TRAVEL TO TEL AVIV WITH HALF MARATHON TEAM AND OTHER OPEN SPORTS TEAMS (July 17, 2013): This is where the two weeks of competition period beings. (I won’t be running until July 23 so I will have lots of time to see Israel
visit with family, meet the Jewish Federation of Palm Beach County’s partners in the region, and do some work for BlueIvy Communications!
HALF-MARATHON RACE (July 23, 2013): The race will take place in the evening at 8:00pm, when it could potentially cool to around 90 degrees and 90% humidity! Luckily I am from Florida so am sorta used to it! Picture of the course included below.
TEL-AVIV TO NEWARK TO FLORIDA (August 1, 2013)
I will share pictures in the coming weeks – and of course during the games you can follow me on my facebook page (www.facebook.com/melissaperlman). Not a friend? Just request me!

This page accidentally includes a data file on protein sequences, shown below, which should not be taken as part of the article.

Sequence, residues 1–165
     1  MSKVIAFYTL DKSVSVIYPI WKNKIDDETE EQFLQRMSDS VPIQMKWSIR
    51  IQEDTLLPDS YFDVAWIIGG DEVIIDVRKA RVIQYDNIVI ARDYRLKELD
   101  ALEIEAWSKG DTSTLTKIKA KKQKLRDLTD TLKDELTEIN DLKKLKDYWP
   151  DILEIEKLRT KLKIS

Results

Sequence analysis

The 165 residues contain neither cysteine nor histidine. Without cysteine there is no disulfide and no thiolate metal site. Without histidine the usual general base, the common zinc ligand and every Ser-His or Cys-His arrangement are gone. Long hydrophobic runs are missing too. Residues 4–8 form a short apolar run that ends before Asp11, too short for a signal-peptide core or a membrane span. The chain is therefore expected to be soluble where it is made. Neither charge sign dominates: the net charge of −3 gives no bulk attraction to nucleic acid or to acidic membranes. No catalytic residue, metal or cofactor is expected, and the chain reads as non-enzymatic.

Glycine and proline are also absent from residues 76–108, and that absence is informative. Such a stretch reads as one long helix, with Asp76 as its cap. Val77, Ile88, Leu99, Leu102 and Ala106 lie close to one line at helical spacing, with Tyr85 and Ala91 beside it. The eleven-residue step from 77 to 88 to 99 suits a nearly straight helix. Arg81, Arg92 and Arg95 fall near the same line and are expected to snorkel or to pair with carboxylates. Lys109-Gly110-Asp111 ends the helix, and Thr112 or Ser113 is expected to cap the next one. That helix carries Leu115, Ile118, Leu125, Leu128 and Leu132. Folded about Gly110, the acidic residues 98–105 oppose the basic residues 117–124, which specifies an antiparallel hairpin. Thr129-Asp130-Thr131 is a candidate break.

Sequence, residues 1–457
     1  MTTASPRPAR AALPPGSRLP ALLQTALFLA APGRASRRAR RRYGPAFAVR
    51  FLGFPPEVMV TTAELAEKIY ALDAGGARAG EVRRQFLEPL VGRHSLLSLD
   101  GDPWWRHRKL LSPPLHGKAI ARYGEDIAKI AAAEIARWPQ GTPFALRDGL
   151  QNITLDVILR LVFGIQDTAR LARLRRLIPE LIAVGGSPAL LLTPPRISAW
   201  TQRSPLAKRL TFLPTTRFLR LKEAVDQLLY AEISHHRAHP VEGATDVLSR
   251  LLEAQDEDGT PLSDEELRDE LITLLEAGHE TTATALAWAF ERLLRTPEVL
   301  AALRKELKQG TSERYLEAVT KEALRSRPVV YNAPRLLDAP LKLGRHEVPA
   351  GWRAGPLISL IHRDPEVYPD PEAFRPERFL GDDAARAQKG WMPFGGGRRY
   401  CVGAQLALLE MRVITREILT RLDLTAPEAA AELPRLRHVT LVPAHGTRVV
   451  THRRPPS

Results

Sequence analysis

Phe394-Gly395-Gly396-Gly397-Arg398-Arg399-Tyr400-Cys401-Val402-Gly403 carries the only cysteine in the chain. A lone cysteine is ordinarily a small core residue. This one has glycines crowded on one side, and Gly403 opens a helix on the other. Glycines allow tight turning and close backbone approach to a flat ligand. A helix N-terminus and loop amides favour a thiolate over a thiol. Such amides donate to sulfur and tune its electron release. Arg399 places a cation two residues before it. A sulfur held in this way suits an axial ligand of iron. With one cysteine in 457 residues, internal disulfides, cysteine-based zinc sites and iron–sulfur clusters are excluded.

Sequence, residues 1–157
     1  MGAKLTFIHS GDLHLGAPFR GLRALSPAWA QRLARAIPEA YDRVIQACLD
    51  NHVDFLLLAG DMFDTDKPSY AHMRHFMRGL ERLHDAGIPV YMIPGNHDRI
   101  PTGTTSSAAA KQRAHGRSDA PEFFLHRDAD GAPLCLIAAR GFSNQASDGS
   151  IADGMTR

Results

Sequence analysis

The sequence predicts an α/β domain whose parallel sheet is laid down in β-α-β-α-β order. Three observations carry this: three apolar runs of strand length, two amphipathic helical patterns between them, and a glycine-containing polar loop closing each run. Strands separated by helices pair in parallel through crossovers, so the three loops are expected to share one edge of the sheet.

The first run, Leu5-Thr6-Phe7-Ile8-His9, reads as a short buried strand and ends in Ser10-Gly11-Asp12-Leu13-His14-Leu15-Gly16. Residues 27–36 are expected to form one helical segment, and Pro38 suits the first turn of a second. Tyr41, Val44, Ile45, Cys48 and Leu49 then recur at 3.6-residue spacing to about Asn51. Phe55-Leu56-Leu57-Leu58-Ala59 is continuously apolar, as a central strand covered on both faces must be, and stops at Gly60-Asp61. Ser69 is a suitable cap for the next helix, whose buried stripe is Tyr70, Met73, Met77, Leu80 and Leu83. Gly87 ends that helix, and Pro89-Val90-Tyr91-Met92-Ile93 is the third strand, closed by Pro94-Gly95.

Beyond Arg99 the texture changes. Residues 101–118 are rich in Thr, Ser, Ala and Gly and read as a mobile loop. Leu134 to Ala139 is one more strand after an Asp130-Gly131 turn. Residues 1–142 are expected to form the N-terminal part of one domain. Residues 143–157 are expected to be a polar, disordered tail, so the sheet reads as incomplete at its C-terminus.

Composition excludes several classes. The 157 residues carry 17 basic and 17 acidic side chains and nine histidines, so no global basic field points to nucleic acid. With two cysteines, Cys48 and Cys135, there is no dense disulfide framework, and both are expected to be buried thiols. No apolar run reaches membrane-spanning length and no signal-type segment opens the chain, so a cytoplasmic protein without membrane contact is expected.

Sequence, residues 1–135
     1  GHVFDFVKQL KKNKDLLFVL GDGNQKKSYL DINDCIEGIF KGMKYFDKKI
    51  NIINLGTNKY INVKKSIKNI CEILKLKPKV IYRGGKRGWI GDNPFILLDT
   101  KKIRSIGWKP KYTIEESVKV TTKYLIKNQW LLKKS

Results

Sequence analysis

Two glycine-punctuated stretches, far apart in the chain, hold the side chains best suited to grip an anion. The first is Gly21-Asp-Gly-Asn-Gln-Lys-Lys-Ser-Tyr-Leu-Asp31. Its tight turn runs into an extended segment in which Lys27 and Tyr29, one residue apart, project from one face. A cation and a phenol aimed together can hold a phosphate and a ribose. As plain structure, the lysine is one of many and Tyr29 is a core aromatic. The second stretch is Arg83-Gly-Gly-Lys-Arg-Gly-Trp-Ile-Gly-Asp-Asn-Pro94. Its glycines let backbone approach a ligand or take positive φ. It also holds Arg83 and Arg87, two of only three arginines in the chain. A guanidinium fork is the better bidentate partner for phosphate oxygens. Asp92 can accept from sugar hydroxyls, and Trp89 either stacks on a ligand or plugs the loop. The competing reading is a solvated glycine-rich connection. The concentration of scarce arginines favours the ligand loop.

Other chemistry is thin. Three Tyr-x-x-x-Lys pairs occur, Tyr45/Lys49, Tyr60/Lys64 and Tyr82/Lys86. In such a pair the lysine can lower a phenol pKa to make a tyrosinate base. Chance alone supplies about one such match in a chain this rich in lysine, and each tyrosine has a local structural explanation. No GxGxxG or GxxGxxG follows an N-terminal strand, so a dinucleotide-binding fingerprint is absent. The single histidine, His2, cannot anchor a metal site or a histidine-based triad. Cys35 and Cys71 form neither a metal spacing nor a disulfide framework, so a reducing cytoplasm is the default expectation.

More details provided to me on the Maccabiah Games:
We represent the USA’s best Jewish athletes. Since the Games started 80 years ago, only 6,000 USA athletes have participated, many former, current or past Olympians. Our track and field teams over the years are fewer than only 500 participants- (many are blind copied on this email.) You are in the company of: Dwight Stones (announcer and US Olympian), Ken Flax (current NCAA record holder, US Olympian), Deena Kastor (current USA marathon record holder and USA Olympian), Irv Mondschein (USA Olympian). Jews are a small minority in the world (.25%) yet we make up of over 3% of Olympic medals. As per Adam Sandler, “not too shabby.”